Notes from the Test Bench
By Bruce Hofer, Chairman & Co-Founder, Audio Precision
After our announcement last month introducing our new PDM option, this month I’m pleased to be able to follow up with another major feature to be released in APx500 v3.0: PESQ.
PESQ stands for ‘Perceptual Evaluation of Speech Quality’ and is an enhanced perceptual measurement for voice quality in telecommunications. If you want a Mean Opinion Score value (or MOS), then PESQ will give it to you.
The new PESQ option will be especially relevant for engineers working in telecom, handsets, and handsfree accessories. PESQ complements APx’s PDM and Bluetooth interfaces particularly well. Add two channels of analog, HDMI, and digital serial, and you have a single integrated audio analyzer for smartphone design and carrier handset evaluation.
Meanwhile, for those of you in the Los Angeles or Boston areas with a passion for analog circuit design, I invite you to attend the talk I’m giving at the AES LA section meeting on February 28, or to register for AP’s Boston College Master Class on March 8, where I’ll be joined by AP’s VP of Engineering, Tom Kite, and AP Field Applications Engineer Dan Foley. Details for both events are below.
Output: PESQ Perceptual Audio Measurement with APx
PESQ perceptual audio measurement will be a major new optional feature in APx500 version 3.0, due for release in April. Perceptual audio measurements are widely used in telecommunications for testing smartphone and VoIP networks and equipment. Other types of perceptual audio measurements will follow in later APx500 releases.
Perceptual audio tests measure how people perceive sound quality. While useful for evaluating both small differences in high-quality music, and larger differences in lower-quality voice material, this article focuses on doing the latter using PESQ (Perceptual Evaluation of Speech Quality).
Perceptual voice quality tests are especially valuable for devices that are bandwidth and/or bitrate limited, and that have codecs that significantly alter the sound. In these cases, many compromises must be made, and perceptual tests help to determine what balance of compromises will lead to the best voice intelligibility. In fact, it can be difficult with some of these devices to get consistent or comparable results using standard sine wave audio tests of electrical properties, such as frequency response and distortion. Ultimately, a combination of both perceptual and electrical audio tests can help to give the most complete picture of the performance of these devices.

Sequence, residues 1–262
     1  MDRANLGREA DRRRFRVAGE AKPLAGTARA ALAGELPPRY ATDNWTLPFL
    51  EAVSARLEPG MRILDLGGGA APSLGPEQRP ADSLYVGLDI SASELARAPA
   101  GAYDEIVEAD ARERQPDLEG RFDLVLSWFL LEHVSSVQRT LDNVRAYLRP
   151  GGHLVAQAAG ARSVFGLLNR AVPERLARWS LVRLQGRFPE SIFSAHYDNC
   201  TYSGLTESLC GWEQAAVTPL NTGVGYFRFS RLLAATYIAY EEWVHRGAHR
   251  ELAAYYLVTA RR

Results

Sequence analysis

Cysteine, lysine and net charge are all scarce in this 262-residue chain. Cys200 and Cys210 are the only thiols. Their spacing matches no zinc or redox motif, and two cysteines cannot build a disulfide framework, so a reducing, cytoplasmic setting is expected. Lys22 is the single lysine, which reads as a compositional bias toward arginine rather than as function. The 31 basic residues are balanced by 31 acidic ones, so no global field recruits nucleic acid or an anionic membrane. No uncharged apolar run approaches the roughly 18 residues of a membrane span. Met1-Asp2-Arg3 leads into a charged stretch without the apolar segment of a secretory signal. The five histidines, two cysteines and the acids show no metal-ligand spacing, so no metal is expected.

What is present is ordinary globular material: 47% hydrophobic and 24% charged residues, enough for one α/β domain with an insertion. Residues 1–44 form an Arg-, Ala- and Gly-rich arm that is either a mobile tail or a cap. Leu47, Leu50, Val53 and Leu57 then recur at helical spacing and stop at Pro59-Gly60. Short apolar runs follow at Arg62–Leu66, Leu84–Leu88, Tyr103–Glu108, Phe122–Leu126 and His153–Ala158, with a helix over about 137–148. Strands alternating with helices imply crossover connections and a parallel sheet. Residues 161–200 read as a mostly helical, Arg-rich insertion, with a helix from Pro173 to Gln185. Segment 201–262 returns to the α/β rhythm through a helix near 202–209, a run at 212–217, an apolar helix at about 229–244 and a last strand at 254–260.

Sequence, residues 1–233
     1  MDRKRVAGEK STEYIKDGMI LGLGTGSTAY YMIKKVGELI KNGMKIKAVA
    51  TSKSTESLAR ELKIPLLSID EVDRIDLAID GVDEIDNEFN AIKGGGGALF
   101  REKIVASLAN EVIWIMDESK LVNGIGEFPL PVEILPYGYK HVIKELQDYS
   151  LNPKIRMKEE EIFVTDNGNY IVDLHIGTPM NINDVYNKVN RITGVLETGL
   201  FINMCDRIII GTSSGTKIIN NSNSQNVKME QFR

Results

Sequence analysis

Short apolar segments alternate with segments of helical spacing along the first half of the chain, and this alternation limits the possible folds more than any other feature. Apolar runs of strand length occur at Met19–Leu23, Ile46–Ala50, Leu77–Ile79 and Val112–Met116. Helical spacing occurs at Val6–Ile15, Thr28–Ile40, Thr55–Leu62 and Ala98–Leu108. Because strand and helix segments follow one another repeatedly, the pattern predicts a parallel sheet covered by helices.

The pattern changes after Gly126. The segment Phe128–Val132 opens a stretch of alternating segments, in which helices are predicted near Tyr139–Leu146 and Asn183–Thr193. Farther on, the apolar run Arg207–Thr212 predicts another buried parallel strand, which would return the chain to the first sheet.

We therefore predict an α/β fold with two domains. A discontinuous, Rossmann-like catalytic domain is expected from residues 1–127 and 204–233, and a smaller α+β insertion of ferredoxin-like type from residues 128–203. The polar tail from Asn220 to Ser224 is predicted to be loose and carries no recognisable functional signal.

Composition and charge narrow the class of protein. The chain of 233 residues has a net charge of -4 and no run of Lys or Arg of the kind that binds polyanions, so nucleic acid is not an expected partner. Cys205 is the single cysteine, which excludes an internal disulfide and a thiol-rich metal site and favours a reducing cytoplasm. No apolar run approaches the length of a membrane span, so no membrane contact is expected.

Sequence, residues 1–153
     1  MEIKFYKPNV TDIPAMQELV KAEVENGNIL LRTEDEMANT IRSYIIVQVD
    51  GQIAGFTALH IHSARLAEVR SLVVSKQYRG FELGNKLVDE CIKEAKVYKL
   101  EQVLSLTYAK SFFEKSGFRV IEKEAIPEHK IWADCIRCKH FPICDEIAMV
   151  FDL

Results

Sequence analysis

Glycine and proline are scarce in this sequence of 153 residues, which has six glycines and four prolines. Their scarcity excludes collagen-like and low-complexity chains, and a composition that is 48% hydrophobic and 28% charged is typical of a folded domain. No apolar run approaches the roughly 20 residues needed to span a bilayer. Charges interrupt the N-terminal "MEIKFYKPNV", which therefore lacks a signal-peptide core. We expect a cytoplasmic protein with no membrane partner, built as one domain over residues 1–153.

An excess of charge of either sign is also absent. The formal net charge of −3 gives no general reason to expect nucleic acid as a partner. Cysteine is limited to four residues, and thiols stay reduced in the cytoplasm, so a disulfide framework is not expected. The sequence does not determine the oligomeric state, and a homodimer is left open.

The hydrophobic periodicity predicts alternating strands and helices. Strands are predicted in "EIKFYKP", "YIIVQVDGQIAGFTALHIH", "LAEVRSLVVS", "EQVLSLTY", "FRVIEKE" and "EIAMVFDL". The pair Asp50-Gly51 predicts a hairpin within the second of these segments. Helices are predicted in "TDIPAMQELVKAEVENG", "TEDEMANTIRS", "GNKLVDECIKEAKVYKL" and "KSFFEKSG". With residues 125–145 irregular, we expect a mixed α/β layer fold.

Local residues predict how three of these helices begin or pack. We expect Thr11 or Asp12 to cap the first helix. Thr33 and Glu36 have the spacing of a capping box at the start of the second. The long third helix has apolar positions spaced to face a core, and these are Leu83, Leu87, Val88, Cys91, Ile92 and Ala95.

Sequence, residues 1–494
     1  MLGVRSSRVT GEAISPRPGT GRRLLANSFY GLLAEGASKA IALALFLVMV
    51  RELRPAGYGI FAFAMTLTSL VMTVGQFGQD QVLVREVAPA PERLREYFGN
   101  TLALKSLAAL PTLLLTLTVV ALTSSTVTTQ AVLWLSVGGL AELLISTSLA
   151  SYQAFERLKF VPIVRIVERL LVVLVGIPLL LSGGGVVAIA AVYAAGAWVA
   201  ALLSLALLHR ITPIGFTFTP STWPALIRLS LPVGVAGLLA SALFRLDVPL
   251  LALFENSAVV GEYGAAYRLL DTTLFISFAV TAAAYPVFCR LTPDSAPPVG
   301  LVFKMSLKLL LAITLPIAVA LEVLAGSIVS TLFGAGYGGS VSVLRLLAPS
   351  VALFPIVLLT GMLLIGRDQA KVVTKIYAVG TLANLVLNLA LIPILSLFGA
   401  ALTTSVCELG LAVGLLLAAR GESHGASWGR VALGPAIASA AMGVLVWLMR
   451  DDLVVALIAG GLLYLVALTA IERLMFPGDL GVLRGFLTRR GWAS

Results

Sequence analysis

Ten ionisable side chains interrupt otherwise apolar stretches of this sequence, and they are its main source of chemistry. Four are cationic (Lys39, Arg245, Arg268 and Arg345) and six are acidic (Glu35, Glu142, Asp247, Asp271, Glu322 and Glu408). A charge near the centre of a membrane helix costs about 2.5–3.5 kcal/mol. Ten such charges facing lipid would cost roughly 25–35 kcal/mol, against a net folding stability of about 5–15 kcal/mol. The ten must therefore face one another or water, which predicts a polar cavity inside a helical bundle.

Subjective vs. Objective Perceptual Tests
In subjective perceptual measurements, a group of people is assembled and asked to judge the sound quality of various audio clips, typically on a scale from 1 to 5. Subjective perceptual measurements require careful selection of a representative audience and careful control over the environment to achieve meaningful results. When all the individual scores are tallied, the result is called the Mean Opinion Score (MOS).
It’s expensive and time consuming to test with real people, and results will vary from group to group. We can overcome these limitations by instead using tools that incorporate algorithms based on psychoacoustic modeling. Psychoacoustic modeling seeks to correlate measurable impairments in the audio with users’ opinion scores. Testing with these tools imparts other advantages, like being able to make small adjustments to a design and quickly observe the results, or being able to do perceptual testing on a production line—things that would be essentially impossible to do with groups of people. These measurements are classified as objective because they are unaffected by human temperament or test conditions, and the results are repeatable.
Fig 1 The underlying concept for perceptual measurement (courtesy of OPTICOM GmbH).
PESQ1 is one such perceptual quality measurement tool. It was developed by OPTICOM GmbH in Germany and forms the basis of ITU-T Recommendation P.862. It is specifically designed for testing voice quality on low bandwidth devices, like mobile phones and smartphones. When used in this context with appropriate test signals, it can achieve a very high correlation with results obtainable using human subjects.